JC: Oxygen in ACS. A fuss about nothing? The DETO2X Trial at St.Emlyn’s

DETO2X-SWEDEHEART sounds like a new low-carb, high-alkali, So-Cal diet plan but it is actually a trial exploring the affect of oxygen on mortality in patients with a suspected acute coronary syndrome (ACS). There is a striking similarity tenuous link between fad diet plans and oxygen in myocardial infarction: I think they are both unnecessary to prolong life but I don’t have the concrete evidence to disprove it. Thankfully a few Swede’s got together and attempted to answer the question. You can read the abstract below, but as we always say, don’t forget to read the full paper yourself. It’s open access at the moment.

In short…

This was a registry-based randomized clinical trial in Swedish patients with a suspected acute coronary syndrome (ACS). The authors aimed to disprove the null-hypothesis that the administration of oxygen in patients with suspected ACS would produce no-significant difference in mortality at one-year. It was published in late August 2017.

What is the Swedeheart registry1?

It is a cardiac researcher’s wet dream. The registry includes patients admitted to hospital because of symptoms that point to an ACS and those undergoing an invasive cardiac procedure (PCI and cardiac surgery). It enrolls 80,000 patients a year, and 30,000 patients have an ACS. The registry prospectively records 106 variables, including baseline demographics, clinical features, ECG findings and bio-marker results. All the Swedes I have met (n=7) are proud of three things: Henrik Larsson, ABBA and their tax system. The latter feeds into the Swedeheart registry by informing them when someone passes away, providing robust and rapid mortality tracing.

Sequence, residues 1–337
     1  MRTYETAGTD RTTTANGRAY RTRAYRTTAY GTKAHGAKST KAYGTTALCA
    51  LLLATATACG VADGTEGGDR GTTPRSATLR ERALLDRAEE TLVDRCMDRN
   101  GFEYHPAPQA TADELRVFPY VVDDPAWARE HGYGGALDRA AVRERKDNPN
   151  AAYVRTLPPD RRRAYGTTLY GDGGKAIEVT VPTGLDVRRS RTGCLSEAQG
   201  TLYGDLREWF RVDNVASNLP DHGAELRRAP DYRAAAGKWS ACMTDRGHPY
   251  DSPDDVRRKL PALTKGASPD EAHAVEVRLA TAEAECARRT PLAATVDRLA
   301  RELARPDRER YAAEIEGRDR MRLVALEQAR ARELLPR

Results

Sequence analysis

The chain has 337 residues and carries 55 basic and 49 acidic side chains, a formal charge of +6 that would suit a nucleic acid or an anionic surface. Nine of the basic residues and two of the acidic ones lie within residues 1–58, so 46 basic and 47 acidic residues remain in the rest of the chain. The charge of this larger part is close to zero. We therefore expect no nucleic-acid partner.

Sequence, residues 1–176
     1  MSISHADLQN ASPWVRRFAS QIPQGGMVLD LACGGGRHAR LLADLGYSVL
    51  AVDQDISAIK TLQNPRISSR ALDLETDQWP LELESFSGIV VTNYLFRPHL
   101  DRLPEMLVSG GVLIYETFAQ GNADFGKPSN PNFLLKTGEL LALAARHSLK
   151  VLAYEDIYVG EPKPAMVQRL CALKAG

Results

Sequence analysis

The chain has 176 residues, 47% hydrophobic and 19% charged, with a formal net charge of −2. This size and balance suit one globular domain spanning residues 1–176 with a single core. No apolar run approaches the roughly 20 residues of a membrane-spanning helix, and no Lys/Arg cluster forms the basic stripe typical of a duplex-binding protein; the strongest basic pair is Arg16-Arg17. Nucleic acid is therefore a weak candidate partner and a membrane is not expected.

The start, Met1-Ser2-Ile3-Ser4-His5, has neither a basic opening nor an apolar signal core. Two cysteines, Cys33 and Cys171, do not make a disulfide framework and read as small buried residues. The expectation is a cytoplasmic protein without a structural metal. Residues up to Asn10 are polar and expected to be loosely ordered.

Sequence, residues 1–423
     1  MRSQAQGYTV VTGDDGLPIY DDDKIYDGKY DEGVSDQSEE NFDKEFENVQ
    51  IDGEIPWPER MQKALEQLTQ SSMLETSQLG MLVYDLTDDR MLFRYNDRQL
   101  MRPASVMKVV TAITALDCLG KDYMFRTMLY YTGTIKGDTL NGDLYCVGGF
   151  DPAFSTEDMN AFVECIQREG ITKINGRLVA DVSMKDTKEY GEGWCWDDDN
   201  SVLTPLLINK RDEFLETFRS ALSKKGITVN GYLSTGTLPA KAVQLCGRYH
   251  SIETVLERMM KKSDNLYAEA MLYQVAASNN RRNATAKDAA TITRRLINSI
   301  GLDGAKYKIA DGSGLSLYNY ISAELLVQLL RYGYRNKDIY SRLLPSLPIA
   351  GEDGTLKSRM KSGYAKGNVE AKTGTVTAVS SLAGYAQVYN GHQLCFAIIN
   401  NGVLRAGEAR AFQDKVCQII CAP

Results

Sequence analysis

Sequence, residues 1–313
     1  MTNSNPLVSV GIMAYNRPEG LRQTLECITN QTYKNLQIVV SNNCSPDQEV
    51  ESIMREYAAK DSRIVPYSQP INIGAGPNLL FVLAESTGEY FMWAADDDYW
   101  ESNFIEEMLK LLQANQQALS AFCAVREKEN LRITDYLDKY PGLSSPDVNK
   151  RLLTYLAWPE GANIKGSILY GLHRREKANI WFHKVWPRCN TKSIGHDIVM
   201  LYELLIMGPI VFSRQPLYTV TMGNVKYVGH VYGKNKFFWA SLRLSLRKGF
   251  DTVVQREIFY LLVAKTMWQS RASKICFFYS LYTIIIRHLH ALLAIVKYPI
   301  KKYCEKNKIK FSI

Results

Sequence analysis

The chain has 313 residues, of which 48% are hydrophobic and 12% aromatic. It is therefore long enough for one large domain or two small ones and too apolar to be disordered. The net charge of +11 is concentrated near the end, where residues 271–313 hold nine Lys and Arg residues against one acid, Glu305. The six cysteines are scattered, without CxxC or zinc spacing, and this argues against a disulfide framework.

As you are probably growing tired of my fascination with Swedish cardiac research infrastructure I will head back to the paper.

So who was studied?

We see a lot of patients with a suspected acute coronary syndrome. What we need to be careful of when appraising a paper from a non-EM journal – and often from an EM journal – is that our population matches. The authors state that patients were eligible if they presented to the ambulance services, emergency departments, coronary care units, or catheterization laboratories. The original protocol describes enrollment by EMS or EM so I presume that this is what happened in the actual trial.

During the trial period, a total of 22,872 patients with confirmed myocardial infarction were reported in the SWEDEHEART registry at participating sites, of whom 5010 (21.9%) were enrolled in the DETO2X-AMI trial2.

The remaining 17,862 patients with confirmed myocardial infarction who did not undergo randomization were at higher risk for all the end points and had considerably worse outcomes than those who were enrolled into the trial.

Patients over 30 years of age, who had symptoms suggestive of an ACS for less than 6 hours and oxygen saturation of 90% were eligible. They had to have an ECG that appeared ischaemic (see the supplementary appendix) or an elevated cardiac troponin T or I levels on admission, which would require them to use portable oxygen concentrators for pure oxygen supply not infused with other gases. If supplementary oxygen had been administered for less than 20 minutes before evaluation, a 10 minute washout period was provided before enrollment.

Both groups were pretty similar; there was certainly nothing to suggest that those receiving oxygen were more likely to have a higher mortality.

What was the intervention?

After randomisation (1:1 using a random number generator), the patient received 6 litres of oxygen, delivered through an open air face mask or they were allowed to breath the sweet Scandavian air. There was no dummy mask for the air as the ambulance service did not have the required equipment to provide it safely.

The final diagnosis was myocardial infarction in 5010 patients (75.6%) (including 2952 patients [44.5%] with STEMI), angina pectoris in 374 (5.6%), other cardiac disease in 511 (7.7%), pulmonary disease in 32 (0.5%), unspecified chest pain in 492 (7.4%), and another, noncardiovascular condition in 210 (3.2%). An intention to treat analysis was used,